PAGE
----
I never read a book on creative fiction. What I know about writing I taught myself. My father, a crane operator at Great Lake Steel, died when I was nine and after that my mother paid the bills with the money she made as a gift wrapper for Hudsons department store and my social security checks that stopped coming when I turned Still I was pretty good at Art and received a scholarship to the Center for Creative Studies in Detroit, but it ran out just after my first year.
Then kids came along and my wife made more money, so I stayed home.
I was twenty-three. By this time we had moved to the remote northern corner of Vermont, literally over a thousand miles away from everyone we knew. I had lots of time on my hands, particularly when our daughter was taking naps and the idea of trying to write a publishable book rose to the top of my conscious.
I was teaching myself to write by reading books. I went to the local general store yes, just like in Green Acres , and looked for the books with the golden seal indicating they were Nobel or Pulitzer Prize winners.
These were not the books I would normally choose to read. I purposely forced myself to read widely, especially the stuff I did not like.
They were the ones that always won the awards, the abysmally boring novels with paper-thin plots and elaborate prose. I would pick a particular author, read several books by them, and then write a novel using what I had gleaned from reading their books.
In a way, I was like that Silar from the television series, Heroes, where I stole powers from other authors and added them to my toolbox. From Steinbeck I learned the transporting value of vivid setting descriptions. From Updike I found an appreciation for indirect prose that could more aptly describe something by not describing it.
From Hemingway I discovered an economy for words. From King, his ability to get viscerally into the minds of his characters…and so on.
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In addition, I wrote in various genres: mysteries, science fiction, horror, coming-of-age, literary fiction—anything and everything. I did this for ten years.
My writing improved with each novel. Ten years and untold thousands of hours is a long time to work at something and achieve at least what I thought at the time to be nothing. Ten years, ten books, a ton of rejections and not a single reader. It was time to give up this pipe dream. What got you to start writing again?
It was years later, we had left Vermont and were living in North Carolina. The kids were old enough for daycare and I went back into advertising. I had been a one-man-band running an advertising department at a software company, and then left that to create my own advertising agency where I was the creative director.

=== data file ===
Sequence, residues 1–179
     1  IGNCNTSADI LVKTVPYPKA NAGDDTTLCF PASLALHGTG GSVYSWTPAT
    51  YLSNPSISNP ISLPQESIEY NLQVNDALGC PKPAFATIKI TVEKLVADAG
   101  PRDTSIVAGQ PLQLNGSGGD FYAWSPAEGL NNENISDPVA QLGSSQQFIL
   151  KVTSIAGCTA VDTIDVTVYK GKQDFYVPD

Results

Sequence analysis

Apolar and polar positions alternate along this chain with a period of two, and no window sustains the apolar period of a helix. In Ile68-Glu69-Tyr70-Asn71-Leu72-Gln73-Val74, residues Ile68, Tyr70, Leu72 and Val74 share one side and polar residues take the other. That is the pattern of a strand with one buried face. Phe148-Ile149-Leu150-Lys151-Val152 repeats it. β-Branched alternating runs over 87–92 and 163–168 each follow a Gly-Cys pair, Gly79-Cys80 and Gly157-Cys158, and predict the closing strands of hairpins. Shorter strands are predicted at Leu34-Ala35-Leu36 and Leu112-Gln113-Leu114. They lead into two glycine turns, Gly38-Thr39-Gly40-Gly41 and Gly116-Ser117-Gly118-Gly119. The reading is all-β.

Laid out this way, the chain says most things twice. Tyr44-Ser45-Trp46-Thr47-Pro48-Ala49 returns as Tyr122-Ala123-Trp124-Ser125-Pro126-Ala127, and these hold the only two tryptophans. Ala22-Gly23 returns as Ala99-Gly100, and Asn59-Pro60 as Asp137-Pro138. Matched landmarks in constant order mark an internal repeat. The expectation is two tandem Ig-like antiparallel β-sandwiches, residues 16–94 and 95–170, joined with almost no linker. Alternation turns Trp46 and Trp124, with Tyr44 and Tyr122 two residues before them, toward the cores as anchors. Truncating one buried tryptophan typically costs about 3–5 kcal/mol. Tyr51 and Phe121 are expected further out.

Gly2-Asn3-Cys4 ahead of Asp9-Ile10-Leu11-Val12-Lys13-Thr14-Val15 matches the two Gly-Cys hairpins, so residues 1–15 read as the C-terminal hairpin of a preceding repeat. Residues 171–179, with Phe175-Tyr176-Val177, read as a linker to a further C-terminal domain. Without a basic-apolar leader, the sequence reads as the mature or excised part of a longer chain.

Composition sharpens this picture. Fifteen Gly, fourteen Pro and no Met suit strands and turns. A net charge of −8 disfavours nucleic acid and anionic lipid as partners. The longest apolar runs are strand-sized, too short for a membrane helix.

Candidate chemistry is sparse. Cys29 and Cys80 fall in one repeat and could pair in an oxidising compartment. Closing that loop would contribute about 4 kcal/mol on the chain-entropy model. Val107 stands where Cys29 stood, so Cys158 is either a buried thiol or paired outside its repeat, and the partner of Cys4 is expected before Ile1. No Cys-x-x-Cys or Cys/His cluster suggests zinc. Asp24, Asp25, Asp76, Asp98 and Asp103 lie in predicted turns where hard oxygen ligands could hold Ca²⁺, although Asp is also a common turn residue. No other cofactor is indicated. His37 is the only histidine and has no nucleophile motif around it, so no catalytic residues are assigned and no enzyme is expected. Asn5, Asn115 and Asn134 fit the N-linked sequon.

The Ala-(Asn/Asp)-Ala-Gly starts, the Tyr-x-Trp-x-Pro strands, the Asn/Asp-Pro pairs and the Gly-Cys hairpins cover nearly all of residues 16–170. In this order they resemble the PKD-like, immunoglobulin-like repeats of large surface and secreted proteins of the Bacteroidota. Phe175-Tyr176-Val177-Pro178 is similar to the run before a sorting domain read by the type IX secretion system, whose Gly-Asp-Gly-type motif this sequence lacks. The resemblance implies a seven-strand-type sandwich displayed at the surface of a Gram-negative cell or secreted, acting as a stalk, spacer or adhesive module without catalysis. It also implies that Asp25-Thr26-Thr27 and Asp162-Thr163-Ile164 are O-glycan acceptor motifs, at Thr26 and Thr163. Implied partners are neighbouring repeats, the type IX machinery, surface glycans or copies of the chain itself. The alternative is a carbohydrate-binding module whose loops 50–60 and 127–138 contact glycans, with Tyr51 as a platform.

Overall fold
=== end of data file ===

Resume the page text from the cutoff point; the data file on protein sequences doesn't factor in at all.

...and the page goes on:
As for writing, I had vowed never to write another creative word. Years passed, and my second daughter, Sarah, was struggling in school.
So I got her books, good books, books I loved. It was sitting around on a table one afternoon. I cracked it and started reading and was transported. What I liked the most was how easy it was to read—it was just plain fun.
I stared writing again, but this time for the sheer fun of it and with the hopes of making something for my daughter that would help her to like reading. I was done trying to make the great American novel.
Theft Of Swords
I just wanted to enjoy making something I would like to read. Still the authors I had studied were there, lurking beneath the surface. When I wanted to paint a vivid setting, Steinbeck was whispering in my ear. Why did you decide on a series instead of writing a single book and adding sequels after? The thing about them that I found fascinating was the layered plots. B5 in particular was amazing in that the entire five-year series was mapped out before the first episode was shot.
Yet it allowed for the unique opportunity for viewers to watch episodes and look for clues to the bigger questions that were hinted at from time to time and in small doses. This really impressed me and I wondered if it could be done in a book series.
So I actually mapped out the entire series before writing it. I was never making a series of books, but rather one long story in six episodes. You use a lot of humor in your books, talk to me about that. During the late sixties and early seventies a lot of the movies were pretty depressing.
Many of them were tough dramas like Chinatown or were dreary account of the aftermath of Vietnam such as Coming Home. For me, it was a terrible time to be a movie goer. I really liked the mix of drama and humor. Sometimes at the most tense spots a bit of humor is the perfect ingredient, and to me, far more realistic. Joss Whedon is a master of mixing drama and humor.
Royce and Hadrian are a great pair, where did the inspiration for them come from? Any similarities are purely coincidental. It was when I was living in Vermont and to help pass the cold boring winters I started writing a chain story with two other friends.
It basically started with two characters walking into a tavern and getting together a crack team to go on an adventure into an ancient dungeon. We would write a few pages and mail it on to the next to add to the tale. Yes it was long ago…before there was email. My friends soon became bored, and not too happy that I would rewrite the parts they wrote, but I really loved the concept of two buddies, each with their own strengths, each very different, but having a relationship that really works for them.
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I really like creating characters that I would like to hang out with. Being a writer means you get to create your own imaginary friends.I came back to reading fantasy after a long hiatus, and this was the first book I picked up. Sullivan even manages to write some excellent side-characters. Add to basket. Your review. It was theorized that the public was tired of the old good-triumphs-over-evil stories because it was so out of sync with the realities of the American experience during the age of Watergate, the Vietnam War, the Civil Rights movement and the Sexual Revolution.